________

best regards,
Ivan Tadej, Slovenia
http://tadej-ivan.50webs.com/

howiem
December 29, 2009 10:49 AM

The only secure computer is at the bottom of the ocean in a location known only to the owner, who is anchored to the computer!!!
You do not need a safety net (except a completely stealthed firewall) if
1. You are completely familiar with every single one of the well over 1,000,000 threats to computers.
2. You know exactly what precautions to take to avoid each of the over one million threats, using the precautions that Leo recommends.
3. You take practical measures to protect your operating system (sandboxes, VM, etc).
4. You are not gullible or greedy, and can recognize offers that are too good to be true.
5. You know and understand the capabilities and limitations of protective measures that anti-virus and other anti-malware programs offer.
6. You understand the trade-offs of protection and performance.
If you are uncertain about any of the above items, then you need the insurance that security software/hardware provide.
Happy New Year Leo, and thanks for all the valuable tips and assistance.

angusdhu
December 29, 2009 11:42 AM

I fix pc's every day ... the largest volume of work being malware removal and resulting system repairs ... unless the malware is poorly written or designed to take control of the pc to purposely get your attention, you may never know the infection is there.

I have yet to find a completely clean pc, even among those with protections in place.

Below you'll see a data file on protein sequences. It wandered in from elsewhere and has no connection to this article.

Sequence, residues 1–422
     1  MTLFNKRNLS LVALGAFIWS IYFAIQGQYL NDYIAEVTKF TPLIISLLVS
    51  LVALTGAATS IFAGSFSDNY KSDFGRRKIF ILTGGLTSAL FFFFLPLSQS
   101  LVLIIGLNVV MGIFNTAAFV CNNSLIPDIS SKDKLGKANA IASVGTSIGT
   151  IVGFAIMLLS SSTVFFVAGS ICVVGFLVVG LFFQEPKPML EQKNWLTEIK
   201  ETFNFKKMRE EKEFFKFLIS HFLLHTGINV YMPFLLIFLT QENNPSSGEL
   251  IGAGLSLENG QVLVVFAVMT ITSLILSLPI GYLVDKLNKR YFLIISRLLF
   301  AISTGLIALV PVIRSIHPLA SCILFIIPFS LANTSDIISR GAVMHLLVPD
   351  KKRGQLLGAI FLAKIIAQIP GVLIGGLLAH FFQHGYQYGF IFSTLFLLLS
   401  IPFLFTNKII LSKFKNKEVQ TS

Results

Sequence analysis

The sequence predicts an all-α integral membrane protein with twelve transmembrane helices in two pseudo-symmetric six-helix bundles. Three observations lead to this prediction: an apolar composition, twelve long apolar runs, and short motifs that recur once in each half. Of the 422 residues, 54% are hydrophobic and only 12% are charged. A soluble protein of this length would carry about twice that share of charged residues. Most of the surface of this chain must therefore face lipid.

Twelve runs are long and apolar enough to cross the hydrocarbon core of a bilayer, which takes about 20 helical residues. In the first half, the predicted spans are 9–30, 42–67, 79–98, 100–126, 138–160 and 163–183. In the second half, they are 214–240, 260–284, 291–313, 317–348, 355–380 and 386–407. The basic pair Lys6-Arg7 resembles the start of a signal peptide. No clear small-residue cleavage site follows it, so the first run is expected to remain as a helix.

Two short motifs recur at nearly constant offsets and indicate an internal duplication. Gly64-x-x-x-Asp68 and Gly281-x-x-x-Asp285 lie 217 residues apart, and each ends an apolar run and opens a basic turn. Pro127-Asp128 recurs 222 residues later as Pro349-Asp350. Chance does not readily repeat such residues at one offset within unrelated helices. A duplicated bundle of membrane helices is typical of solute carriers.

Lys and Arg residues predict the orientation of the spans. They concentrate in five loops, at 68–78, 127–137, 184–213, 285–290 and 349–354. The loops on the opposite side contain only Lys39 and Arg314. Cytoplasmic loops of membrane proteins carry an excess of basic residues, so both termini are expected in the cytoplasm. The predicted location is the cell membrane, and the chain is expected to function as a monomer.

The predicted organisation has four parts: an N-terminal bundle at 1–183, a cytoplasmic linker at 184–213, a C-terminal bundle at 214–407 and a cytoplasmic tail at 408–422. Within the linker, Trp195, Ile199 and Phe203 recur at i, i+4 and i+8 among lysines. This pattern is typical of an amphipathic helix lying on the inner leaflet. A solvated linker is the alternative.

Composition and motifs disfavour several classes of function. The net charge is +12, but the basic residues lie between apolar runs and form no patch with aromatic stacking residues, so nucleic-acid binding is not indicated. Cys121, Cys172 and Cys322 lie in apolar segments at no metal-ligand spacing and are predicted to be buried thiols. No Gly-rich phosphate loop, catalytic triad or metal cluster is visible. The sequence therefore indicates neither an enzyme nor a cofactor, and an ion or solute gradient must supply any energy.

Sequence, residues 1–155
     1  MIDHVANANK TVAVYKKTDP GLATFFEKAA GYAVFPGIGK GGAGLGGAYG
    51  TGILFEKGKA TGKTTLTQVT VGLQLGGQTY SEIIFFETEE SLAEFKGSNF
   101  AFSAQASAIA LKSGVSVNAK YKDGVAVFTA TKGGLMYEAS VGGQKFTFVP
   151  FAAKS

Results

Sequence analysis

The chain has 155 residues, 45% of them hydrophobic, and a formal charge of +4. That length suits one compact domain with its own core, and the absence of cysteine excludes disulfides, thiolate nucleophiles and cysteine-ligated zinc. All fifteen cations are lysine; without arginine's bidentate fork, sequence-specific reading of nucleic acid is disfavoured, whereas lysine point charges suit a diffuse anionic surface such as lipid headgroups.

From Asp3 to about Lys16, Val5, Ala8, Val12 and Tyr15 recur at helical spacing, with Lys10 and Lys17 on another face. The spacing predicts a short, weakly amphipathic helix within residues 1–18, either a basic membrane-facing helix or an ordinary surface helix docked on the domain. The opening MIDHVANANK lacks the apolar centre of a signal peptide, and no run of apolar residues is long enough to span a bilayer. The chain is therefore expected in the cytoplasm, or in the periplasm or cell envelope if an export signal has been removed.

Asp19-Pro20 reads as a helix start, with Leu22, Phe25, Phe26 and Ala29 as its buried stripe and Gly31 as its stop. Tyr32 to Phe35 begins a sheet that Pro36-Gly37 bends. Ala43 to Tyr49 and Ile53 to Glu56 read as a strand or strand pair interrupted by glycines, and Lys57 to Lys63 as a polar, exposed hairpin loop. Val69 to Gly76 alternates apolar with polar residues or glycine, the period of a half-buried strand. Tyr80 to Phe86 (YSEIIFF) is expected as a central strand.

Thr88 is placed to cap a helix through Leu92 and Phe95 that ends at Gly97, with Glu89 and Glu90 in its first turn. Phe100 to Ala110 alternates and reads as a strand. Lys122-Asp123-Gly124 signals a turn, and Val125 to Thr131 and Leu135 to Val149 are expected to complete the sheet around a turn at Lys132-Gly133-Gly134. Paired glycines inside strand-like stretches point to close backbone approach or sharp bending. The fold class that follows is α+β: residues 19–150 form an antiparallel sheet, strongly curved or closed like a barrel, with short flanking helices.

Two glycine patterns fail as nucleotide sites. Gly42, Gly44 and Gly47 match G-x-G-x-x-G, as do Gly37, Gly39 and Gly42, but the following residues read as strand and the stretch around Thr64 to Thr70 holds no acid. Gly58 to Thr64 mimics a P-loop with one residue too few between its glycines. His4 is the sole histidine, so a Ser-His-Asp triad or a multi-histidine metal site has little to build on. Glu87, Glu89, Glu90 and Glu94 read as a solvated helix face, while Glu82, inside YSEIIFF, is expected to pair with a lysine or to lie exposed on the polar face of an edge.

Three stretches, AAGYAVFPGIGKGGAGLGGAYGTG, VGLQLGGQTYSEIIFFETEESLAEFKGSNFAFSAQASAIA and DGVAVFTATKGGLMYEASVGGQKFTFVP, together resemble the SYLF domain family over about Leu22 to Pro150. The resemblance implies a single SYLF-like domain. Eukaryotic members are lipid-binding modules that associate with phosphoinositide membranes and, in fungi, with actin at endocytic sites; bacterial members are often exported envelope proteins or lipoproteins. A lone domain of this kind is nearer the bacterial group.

I DO know what to look for, yet I run the protections that Leo suggests, as well as being behind a hardware firewall and running only inside a sandbox, as I've seen the mess malware can quietly and surreptitiously make without any red flags at all.

Fred Nerd
December 30, 2009 8:43 PM

I run no AV
And have no problems.
Basically I hate AV programs asking me whether I REALLY want to do that.
And since I'd say 'sure' anyway, it doesn't help.
BUT I do know a LOT about what I am doing, and if I do get infected I am prepared for it. (Not as well as I should be, but all important data is backed up, or I would have no problems with live cds for data recovery on a corrupt OS.)
AV doesn't protect you from phishing and similar scams, and is nowhere near 100% accurate. Its about as accurate as I am manually.... without hassles.....

calvin a b
January 31, 2010 1:14 AM

If you start windows as a "guest" account without any administrator privileges, no program can be installed on the machine.

Have you heard of "sandboxie" ? anything that reaches the computer stays in the sandbox and can be selectively written into the machine.all else deleted.

Have you heard of "system protection " software ? All changes to "C: drive" are lost when you close windows.So any malware also gets deleted .

No need for ANY protection if you use these.